Armenian Language Corner


You can say “snowy” or “milky,” but you know that those are not straightforward synonyms for “white.” They are a case different from, say, “forest“ and “wood.” In Armenian, however, we have two straightforward synonyms meaning “white”: ճերմակ (jermag) and սպիտակ (sbidag).

 Interestingly, the pair jermag and sbidag belongs to a category of words, where one of the members is of common use in one branch of the language, while the other is pretty much uncommon, if not unknown. The curious fact is that both words have been recorded in the Armenian language since the fifth century.

Practically all words ending in –ակ (ag/ak) are of Iranian origin. Sbidag (spitak in Classical Armenian) (*) was clearly derived from the Pahlavi word spetak (“white”), while jermag (chermak in Classical Armenian) came from another Pahlavi word, čermak, whose existence has been reconstructed through the Farsi word čarma (“white horse”).

Today, jermag is the common word for “white” in Western Armenian, and the uncommon one in Eastern Armenian. The opposite happens with sbidag. However, this has not always been the case. In Western Armenian, jermag and sbidag were used interchangeably. This is  why the White House is called Սպիտակ Տուն (Sbidag Doon) in Western Armenian and not Ճերմակ Տուն (Jermag Doon). This is also why Hamasdegh (1895-1966), the Armenian American writer, gave the title Սպիտակ ձիաւորը (Sbidag tziavoruh “The White Horseman”) to his two-volume novel about the Armenian liberation movement. Many Armenian textbooks starting at the end of the nineteenth century explained the divisions of the human race using the traditional concept of սպիտակ ցեղ (sbidag tsegh “white race”).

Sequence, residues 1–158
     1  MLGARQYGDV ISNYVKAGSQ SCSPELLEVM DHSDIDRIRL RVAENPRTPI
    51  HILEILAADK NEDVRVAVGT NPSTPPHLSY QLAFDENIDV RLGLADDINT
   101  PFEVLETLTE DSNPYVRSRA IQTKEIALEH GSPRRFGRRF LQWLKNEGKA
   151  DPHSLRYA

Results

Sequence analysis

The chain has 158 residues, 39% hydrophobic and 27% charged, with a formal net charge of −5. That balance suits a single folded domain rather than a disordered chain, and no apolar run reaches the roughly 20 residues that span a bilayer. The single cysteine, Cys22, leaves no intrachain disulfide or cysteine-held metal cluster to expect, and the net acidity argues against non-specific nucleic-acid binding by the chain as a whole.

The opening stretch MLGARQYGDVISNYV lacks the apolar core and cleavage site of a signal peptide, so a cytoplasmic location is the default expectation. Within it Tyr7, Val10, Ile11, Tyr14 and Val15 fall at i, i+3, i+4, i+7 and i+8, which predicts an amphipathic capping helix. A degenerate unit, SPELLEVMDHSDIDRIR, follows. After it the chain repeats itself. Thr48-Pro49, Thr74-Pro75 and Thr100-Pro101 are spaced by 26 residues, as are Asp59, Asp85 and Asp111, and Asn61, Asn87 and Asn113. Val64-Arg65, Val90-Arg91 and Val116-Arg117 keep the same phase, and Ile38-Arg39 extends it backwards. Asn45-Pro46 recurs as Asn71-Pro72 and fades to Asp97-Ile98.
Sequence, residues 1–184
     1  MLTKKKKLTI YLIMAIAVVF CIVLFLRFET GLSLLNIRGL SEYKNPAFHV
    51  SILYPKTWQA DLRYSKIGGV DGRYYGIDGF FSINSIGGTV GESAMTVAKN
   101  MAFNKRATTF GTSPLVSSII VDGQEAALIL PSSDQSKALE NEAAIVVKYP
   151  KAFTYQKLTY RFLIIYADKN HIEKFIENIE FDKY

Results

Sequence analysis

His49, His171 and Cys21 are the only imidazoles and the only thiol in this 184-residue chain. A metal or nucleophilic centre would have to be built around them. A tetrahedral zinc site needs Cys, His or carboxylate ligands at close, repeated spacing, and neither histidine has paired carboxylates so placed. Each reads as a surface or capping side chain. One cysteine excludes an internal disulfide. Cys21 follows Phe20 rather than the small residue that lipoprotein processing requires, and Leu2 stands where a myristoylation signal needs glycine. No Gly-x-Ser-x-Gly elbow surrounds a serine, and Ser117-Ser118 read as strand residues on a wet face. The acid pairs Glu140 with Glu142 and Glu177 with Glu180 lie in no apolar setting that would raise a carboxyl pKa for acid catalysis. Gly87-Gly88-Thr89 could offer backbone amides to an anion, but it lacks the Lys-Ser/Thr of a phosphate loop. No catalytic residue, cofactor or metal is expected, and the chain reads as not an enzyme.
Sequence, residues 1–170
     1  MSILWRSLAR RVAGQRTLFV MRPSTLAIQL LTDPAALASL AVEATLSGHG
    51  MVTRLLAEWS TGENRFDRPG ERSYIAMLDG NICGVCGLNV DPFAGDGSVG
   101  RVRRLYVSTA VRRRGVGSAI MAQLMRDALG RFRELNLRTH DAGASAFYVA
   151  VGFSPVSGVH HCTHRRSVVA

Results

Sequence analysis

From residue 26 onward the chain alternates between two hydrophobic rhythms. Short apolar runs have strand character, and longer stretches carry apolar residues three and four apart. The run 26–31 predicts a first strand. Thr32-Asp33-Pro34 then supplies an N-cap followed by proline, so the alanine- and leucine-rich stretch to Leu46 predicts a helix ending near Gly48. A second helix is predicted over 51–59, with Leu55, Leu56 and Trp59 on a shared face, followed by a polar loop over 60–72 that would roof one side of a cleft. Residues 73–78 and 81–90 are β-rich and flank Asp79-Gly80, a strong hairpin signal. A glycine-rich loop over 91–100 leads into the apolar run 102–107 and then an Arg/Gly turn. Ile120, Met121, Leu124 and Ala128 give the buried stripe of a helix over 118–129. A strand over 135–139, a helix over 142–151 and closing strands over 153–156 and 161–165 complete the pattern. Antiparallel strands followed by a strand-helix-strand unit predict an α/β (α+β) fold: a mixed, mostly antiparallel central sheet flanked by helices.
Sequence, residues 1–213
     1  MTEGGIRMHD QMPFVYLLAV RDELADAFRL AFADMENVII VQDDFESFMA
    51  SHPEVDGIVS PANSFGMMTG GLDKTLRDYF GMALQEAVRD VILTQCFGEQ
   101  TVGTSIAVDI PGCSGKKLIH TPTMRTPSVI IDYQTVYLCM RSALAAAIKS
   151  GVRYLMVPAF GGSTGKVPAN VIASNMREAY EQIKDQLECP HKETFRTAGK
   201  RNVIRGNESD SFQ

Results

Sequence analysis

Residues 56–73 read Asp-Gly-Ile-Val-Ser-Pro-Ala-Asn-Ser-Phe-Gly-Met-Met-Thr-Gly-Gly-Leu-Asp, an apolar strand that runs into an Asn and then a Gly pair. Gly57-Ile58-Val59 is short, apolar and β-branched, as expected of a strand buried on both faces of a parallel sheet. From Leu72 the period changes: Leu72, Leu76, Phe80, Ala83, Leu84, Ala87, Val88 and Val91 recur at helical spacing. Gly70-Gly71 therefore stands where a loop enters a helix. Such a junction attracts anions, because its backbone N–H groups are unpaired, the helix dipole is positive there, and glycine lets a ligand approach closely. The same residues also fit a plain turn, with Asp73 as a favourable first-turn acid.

In many other cases, it is common to use jermag, rather than sbidag. The same happens with compound or derived words. When you take the whites to the washing machine, those are called ճերմակեղէն (jermageghen), while սպիտակեղէն (sbidageghen) is only used in Eastern Armenian. If you eat egg white, that is called ճերմկուց (djermugoots), while the same thing in Eastern Armenian is called սպիտակուց (sbidagoots). Interestingly, the word for “protein” in Eastern Armenian is also sbidagoots!

Why this division over time between two words that had a common origin? The mysteries of language are sometimes difficult to understand. Or to explain.


(*) You will surely recognize it as the name of the town of Armenia that was the epicenter of the catastrophic earthquake of 1988. Of course, it sounds Spitak in Eastern Armenian.